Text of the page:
Born in 1756, James Athol Wood was the third son of Alexander Wood (died 1778) of Burncroft, Perthshire. He was younger brother of Sir Mark Wood, 1st Baronet, and of Major-General Sir George Wood. First going to sea, for the East India Company, in 1772, he entered the navy in September 1774, as able seaman on board the Hunter sloop on the coast of Ireland and afterwards on the North America station. In July 1776, as master's mate, he joined HMS Barfleur, flagship of Sir James Douglas at Portsmouth. In April 1777 he was moved into HMS Princess Royal, the flagship of Sir Thomas Pye, and from her was lent to HMS Asia, as acting lieutenant, during the spring of 1778. He rejoined his ship in time to go out with Vice-Admiral John Byron to North America, where, on 18 October 1778, he was promoted to be lieutenant of the 50-gun ship HMS Renown, with Captain George Dawson. After taking part in the Siege of Charleston in April 1780, the Renown returned to England; for some months Wood was employed in small vessels attached to the Channel Fleet, but in November 1781 he was appointed to the 64-gun ship HMS Anson (1781) with Captain William Blair, in which he was in the Battle of the Saintes on 12 April 1782, and continued till the peace. The next two or three years he passed in France, and then, accepted employment in merchant ships trading to the East Indies, and later on to the West Indies.
When the fleet under Sir John Jervis (afterwards Earl of St. Vincent) arrived at Barbados in January 1794, Wood happened to be there, and, offering his services to Jervis, was appointed to the flagship, the HMS Boyne. After the reduction of Martinique he was sent to France with the cartels in charge of the French prisoners; but on their arrival at Saint-Malo in the end of May the ships were seized and Wood was thrown into prison. The order to send him to Paris, signed by Robespierre and other members of the committee of public safety, was dated 13 Prairial (1 June), the very day of Lord Howe's victory. In Paris he was kept in close confinement till April 1795, when he was released on parole and returned to England. He was shortly afterwards exchanged, was promoted (7 July 1795), and was appointed to command the HMS Favourite sloop, which he took out to the West Indies. There he was sent under (Sir) Robert Waller Otway to blockade St. Vincent and Grenada. While engaged on this service he had opportunities of learning that Trinidad was very insufficiently garrisoned; and after the reduction of the revolted islands he suggested to the commander-in-chief, Sir Hugh Cloberry Christian, the possibility of capturing it by an unexpected attack. Christian was on the point of going home and would not commit his successor (Sir) Henry Harvey, to whom, on his arrival, Wood repeated his suggestion. Harvey sent him to make a more exact examination of the state of the island, and, acting on his report, took possession of it without loss. Of four ships of the line which were there, only half manned and incapable of defence, the Spaniards burnt three; Wood was appointed, by acting order, to command the fourth, and sent home with convoy. His captain's commission was confirmed, to date 27 March 1797.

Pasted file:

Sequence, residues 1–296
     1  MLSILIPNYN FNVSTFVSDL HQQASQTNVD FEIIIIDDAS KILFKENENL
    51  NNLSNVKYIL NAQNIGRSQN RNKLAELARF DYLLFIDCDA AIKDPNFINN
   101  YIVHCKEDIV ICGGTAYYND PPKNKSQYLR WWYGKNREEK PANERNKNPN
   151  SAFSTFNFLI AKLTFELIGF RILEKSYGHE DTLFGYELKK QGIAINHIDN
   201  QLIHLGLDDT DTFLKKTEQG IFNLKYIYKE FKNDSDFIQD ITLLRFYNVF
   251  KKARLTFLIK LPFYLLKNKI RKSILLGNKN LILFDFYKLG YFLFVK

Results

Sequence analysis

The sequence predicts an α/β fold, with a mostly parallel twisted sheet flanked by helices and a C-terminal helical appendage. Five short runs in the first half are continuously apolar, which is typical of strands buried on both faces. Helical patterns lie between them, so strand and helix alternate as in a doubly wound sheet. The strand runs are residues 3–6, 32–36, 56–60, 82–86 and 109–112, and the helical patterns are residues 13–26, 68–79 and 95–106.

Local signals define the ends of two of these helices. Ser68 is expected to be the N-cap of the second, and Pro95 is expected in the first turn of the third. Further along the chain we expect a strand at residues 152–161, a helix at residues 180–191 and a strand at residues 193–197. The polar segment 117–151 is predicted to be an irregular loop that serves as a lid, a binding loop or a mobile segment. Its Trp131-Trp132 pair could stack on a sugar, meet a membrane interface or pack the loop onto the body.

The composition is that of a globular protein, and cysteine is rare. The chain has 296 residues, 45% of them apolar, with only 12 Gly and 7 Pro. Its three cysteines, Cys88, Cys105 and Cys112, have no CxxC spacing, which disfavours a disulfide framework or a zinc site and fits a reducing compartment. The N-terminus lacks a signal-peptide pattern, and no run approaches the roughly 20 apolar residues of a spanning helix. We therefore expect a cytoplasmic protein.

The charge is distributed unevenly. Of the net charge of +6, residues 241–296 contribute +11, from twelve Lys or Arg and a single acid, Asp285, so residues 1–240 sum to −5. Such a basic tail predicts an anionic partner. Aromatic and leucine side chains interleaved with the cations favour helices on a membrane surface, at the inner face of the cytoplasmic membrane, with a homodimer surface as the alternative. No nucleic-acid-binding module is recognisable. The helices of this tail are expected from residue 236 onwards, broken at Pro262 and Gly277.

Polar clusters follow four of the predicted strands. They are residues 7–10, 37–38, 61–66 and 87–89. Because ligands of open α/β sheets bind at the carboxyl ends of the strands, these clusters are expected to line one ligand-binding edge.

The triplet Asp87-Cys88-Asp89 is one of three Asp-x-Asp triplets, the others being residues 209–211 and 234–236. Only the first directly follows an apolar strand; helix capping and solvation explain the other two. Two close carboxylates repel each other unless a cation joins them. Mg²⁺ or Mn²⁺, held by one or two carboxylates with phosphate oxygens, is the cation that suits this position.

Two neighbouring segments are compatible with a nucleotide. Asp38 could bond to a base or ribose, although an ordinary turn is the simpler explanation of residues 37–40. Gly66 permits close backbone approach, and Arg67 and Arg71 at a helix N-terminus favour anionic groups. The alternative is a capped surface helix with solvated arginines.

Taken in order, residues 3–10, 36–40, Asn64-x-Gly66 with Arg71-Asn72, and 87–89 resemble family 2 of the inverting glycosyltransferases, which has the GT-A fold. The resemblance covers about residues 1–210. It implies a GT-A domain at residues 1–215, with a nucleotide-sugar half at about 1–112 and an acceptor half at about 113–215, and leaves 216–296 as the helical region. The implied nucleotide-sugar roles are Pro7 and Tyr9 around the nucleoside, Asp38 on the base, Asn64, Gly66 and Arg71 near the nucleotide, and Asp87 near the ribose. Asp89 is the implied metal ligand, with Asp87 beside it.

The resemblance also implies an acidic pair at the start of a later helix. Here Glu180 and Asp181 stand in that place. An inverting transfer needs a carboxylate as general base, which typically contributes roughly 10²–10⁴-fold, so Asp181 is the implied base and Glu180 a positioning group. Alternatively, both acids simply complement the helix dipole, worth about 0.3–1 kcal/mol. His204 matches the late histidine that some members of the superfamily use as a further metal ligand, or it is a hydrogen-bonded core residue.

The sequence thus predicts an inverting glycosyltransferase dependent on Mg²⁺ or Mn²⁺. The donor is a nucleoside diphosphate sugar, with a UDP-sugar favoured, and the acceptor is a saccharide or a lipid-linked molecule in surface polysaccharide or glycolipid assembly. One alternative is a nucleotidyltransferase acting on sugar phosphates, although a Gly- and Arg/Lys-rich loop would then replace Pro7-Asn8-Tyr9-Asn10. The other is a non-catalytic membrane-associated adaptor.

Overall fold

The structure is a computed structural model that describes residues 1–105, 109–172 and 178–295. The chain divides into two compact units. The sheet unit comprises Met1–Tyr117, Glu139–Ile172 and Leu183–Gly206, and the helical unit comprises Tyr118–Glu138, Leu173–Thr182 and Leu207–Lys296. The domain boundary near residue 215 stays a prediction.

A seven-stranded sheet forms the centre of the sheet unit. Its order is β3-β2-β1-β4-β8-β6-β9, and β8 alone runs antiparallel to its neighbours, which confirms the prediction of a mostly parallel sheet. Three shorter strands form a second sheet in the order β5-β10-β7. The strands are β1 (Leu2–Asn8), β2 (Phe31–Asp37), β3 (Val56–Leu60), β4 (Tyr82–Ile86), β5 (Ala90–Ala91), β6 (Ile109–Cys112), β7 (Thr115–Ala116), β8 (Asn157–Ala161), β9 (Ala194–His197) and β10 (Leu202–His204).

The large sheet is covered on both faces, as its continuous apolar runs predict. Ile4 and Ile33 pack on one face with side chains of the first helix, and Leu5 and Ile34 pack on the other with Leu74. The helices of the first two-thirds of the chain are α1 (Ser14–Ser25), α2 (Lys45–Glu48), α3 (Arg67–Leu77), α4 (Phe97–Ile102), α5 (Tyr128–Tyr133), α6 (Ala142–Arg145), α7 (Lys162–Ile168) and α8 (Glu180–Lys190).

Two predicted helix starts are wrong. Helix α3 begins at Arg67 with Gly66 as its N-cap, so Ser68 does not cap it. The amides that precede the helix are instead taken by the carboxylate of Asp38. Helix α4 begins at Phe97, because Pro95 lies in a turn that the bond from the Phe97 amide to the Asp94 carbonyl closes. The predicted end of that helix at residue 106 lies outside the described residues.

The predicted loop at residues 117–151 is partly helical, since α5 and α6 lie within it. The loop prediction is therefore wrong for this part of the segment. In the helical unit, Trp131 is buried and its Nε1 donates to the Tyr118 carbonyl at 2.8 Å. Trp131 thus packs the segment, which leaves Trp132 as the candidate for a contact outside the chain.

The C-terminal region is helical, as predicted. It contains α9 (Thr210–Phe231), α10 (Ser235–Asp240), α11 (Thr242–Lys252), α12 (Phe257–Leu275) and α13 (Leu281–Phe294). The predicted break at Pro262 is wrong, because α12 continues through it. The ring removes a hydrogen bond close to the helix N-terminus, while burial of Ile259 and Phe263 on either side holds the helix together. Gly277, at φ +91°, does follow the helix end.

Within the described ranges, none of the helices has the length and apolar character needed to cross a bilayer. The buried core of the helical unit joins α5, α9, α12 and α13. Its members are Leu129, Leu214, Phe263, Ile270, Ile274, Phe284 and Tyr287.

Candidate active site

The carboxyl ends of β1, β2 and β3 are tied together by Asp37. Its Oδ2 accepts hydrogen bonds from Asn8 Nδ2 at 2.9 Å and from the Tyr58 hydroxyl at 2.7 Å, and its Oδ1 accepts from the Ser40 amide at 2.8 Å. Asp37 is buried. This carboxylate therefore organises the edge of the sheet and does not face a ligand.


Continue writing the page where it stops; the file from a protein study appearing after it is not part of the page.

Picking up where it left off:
Early in 1798 he was appointed to the frigate HMS '"Garland, which had been sent to the Cape of Good Hope in February. He received information that a large French ship was sighted close in shore at Port Daupine, Madagascar. Wood sailed there, but when still a mile off the Garland struck heavily on a sunken reef, and was irretrievably lost, 26 July. The French ship proved to be a merchantman, which Wood took possession of and utilised, together with a small vessel which he built of the timber of the wreck, to carry his men and stores to the Cape. Wood returned to England, where on 15 December 1798 he and his officers were acquitted at the court-martial for the loss of their ship.